full name, and then respond to the question. After the first person gives his/her response, the next person
in the circle says his/her name and responds to the same question. After the second person has responded,
the third person responds, and so forth until all participants have said their names and responded to the
question. You may incorporate a pass option if the pupil feels uncomfortable with the question.
Repeat the process with as many other questions as time allows.
End the activity and evaluate how well the objective was accomplished by asking several of the
reflection items. Ask all participants to quietly think to themselves how they would answer as each
reflection item is asked, Then ask a few volunteers to share their responses with the group. The reflection/
processing are the most important part of the activity. It allows participants to process and evaluate what
they did in the activity, and to realise how they and the group benefited and the extent to which they
achieved the objective.
Questions (Samples)
1. Where are you from? Tell me one thing about the place?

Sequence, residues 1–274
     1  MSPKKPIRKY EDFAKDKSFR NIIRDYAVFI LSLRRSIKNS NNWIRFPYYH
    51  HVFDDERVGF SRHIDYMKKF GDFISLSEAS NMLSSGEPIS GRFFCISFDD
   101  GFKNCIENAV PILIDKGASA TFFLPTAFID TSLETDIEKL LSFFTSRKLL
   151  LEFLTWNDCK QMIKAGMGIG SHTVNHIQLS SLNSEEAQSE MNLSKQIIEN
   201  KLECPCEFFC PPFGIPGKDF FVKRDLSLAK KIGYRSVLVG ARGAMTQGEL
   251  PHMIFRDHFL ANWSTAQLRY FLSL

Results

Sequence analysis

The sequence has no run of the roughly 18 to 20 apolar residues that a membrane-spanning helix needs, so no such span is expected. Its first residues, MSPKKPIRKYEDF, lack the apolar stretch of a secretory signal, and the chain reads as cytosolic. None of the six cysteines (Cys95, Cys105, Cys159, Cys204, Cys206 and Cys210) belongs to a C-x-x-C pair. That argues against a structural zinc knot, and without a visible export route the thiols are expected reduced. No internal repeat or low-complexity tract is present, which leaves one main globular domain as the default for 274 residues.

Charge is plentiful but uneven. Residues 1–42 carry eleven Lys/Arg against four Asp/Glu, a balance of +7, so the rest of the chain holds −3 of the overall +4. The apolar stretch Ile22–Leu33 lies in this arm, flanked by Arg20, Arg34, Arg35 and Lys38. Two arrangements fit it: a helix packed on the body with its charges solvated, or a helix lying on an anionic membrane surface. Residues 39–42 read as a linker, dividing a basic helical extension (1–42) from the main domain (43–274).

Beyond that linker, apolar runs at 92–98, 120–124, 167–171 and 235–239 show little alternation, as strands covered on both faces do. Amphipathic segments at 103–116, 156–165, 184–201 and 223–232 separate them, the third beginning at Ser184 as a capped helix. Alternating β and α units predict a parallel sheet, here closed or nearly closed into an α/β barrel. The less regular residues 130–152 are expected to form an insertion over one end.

2. What is your favourite television programme?
3. What do you most like to do in your free time (may need to give some examples of hobbies, sports etc.)
4. If you could have anything you wanted to eat, what would it be?
5. What do you want to be/do when you finish school?
6. What one day in your life would you like to live over?
7. Who was your best friend in primary school and why?
8. What is the greatest problem in the world today?
9. In what ways are you like your family? ...different from them?
10. What is one of the best things youve ever done?
11. If you could invent or discover one new thing, what would it be?
12. When do you feel most lonely? ...happiest?
13. What is one thing about you that you have not shared yet, that others would find interesting?
Reflection/Processing Items: (Important! Be sure to ask several of these questions at the end of the